In the first century, Paul’s use of the name ‘Belial’ in his letter to the Corinthians would have evoked far more to his readers than just the spirit of abuse. The first thing it would have brought to mind was the rebellion of a group of Watchers against God. Belial was one of the names their leader was known by.

The Hebrew word means the one who is utterly worthless and vile. Because it usually occurs in the phrase ‘sons of Belial’ or ‘daughter of Belial’, it’s often translated worthless fellows or wicked men. The unfortunate consequence of this rendering is that Belial manages to pull off a superb vanishing act. Instead of ‘sons of Belial’ pointing to depraved people who follow a supernatural foe and become part of the family of a rebel angelic commander, we are given the impression that their evil inclinations are a natural outworking of the sin of Adam.

It would not have been seen that way in the first century.

The sin of Adam is, indeed, immeasurably serious because it brought death and decay into the world. Humanity was exiled from Eden and the immediate presence of God. Disobedience had deep and defiling effects. God’s image-bearers were disfigured. Nevertheless, the sin of Adam was—perhaps surprisingly to us today—not seen as the origin of demonic evil. It was not considered to be the source of planetary-wide violence, global abuse and sweeping moral corruption. Instead of resulting from the fall of humanity, this carnage was believed to have come in the aftermath of the fall of the seditious angels.

Only a tiny fragment of the story remains in the biblical account in Genesis 6. That brief summary tells us that angels descended to earth, mated with beautiful women, sired the ‘nephilim’—giants— and the ‘gibborim’—mighty men of old—and, when the earth became a cesspit of aggression, God sent the flood while saving one man, Noah, and his family.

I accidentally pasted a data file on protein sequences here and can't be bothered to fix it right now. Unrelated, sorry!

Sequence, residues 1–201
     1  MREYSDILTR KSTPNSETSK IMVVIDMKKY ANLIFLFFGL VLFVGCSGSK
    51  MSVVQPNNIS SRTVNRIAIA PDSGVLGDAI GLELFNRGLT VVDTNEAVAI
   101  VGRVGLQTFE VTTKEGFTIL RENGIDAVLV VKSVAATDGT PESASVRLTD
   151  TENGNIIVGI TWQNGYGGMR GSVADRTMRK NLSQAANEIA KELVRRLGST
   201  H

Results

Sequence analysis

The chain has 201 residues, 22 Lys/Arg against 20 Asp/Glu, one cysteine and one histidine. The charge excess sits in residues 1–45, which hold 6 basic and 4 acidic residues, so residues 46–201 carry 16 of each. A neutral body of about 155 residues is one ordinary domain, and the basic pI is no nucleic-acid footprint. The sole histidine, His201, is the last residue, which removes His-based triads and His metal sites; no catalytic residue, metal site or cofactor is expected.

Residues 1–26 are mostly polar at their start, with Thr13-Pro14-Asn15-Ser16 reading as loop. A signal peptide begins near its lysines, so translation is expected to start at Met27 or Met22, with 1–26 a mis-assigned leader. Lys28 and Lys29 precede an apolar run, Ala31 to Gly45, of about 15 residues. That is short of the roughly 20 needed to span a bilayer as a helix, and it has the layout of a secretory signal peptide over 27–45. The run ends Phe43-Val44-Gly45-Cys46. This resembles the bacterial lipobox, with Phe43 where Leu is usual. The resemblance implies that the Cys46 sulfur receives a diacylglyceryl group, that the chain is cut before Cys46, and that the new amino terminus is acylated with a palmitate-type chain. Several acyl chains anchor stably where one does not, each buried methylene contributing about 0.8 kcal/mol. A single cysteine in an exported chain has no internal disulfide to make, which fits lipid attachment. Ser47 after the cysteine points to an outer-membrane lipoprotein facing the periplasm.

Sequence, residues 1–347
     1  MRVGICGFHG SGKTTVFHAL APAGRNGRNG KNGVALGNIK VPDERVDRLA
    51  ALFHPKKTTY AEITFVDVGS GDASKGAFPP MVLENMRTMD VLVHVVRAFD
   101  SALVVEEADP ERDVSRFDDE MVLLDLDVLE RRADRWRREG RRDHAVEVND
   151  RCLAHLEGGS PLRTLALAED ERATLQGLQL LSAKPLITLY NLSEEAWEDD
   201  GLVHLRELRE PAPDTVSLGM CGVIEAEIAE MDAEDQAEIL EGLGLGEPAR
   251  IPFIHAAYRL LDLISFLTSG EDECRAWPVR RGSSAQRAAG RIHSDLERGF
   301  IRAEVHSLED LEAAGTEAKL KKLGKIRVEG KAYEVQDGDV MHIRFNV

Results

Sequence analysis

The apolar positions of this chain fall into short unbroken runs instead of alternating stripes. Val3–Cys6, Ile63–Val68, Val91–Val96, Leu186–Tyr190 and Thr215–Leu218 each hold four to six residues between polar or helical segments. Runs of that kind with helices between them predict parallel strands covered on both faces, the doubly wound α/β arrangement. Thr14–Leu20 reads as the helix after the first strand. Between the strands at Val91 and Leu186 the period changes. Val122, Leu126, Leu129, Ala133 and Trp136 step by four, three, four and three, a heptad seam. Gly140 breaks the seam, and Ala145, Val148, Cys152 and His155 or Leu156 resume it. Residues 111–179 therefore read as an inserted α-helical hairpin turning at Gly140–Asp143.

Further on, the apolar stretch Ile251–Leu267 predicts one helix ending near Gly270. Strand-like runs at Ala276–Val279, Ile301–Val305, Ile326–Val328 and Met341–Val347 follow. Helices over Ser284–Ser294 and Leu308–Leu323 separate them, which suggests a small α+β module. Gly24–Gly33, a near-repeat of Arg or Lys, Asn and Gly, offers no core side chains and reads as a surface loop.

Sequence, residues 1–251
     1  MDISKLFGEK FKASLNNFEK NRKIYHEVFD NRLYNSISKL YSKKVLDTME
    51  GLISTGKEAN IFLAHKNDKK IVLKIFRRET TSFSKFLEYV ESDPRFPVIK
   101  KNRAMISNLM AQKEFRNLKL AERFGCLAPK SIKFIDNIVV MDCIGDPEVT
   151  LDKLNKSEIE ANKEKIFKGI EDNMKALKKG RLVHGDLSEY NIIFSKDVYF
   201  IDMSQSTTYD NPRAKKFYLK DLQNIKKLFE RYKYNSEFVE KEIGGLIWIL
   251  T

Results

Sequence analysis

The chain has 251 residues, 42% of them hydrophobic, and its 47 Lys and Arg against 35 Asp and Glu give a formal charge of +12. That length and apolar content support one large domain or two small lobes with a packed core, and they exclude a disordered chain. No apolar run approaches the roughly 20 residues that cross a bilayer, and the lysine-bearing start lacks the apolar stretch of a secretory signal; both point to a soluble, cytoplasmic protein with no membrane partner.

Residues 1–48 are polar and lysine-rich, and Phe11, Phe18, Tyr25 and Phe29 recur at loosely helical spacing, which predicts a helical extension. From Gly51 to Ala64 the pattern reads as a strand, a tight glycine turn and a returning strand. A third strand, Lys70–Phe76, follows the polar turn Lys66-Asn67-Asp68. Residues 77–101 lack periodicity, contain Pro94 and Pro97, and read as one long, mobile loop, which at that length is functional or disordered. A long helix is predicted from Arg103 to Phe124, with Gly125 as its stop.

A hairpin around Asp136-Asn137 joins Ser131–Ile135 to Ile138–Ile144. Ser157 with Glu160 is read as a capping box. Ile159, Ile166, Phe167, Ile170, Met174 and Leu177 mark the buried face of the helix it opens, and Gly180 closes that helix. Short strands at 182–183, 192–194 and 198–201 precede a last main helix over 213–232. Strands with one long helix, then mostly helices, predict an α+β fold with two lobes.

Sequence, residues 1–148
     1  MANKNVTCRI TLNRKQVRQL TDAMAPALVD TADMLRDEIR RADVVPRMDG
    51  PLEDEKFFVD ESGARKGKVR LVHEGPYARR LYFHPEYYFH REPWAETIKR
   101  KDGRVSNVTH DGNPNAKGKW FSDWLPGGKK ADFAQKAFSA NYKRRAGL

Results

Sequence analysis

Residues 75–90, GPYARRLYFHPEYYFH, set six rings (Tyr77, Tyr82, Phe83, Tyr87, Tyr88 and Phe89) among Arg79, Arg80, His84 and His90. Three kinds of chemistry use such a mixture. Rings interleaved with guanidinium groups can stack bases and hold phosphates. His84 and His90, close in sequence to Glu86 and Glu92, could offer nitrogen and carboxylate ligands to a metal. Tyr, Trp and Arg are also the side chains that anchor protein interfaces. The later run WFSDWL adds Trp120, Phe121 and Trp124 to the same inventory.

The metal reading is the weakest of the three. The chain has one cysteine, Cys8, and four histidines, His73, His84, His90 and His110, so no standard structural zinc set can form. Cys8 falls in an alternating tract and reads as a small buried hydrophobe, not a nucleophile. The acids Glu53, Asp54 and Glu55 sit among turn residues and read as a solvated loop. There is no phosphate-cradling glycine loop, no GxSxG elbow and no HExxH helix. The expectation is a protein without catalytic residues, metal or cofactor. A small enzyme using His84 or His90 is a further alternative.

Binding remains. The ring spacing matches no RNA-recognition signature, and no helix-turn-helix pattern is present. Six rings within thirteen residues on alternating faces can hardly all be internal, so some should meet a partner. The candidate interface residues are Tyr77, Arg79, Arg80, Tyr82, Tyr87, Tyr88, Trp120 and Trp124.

The book of Enoch adds to our understanding of what the people of the first century believed had happened. The book of Enoch, while not considered to be part of the canon of Scripture, was very highly regarded at the time of Jesus and is quoted directly in the epistles as well as alluded to numerous times in early Christian writing.

Enoch tells us that Watcher-class angels, led by Semyaza—elsewhere called Belial—taught their human wives and hybrid children metallurgy to make weapons of warfare, root-cutting and spellbinding for sorcerous potions, womb-striking for abortions and much other restricted knowledge. Their giant children were so large they ravaged the earth, consuming so much grain and livestock that humanity could not provide for their appetites. The giants then ate people before turning on each other as cannibals. The flood was not a punishment—the flood was the only way the last remaining uncontaminated humans could be preserved so the redemption of mankind would be possible.

This is Grace Drops and I’m Anne Hamilton. May the helmet of salvation guard your mind daily.

Thank you to Lorna Skinner of for the background music.

More on the spirit of Belial can be found in the new paperback, Dealing with Belial: Spirit of Armies and Abuse, Strategies for the Threshold #8.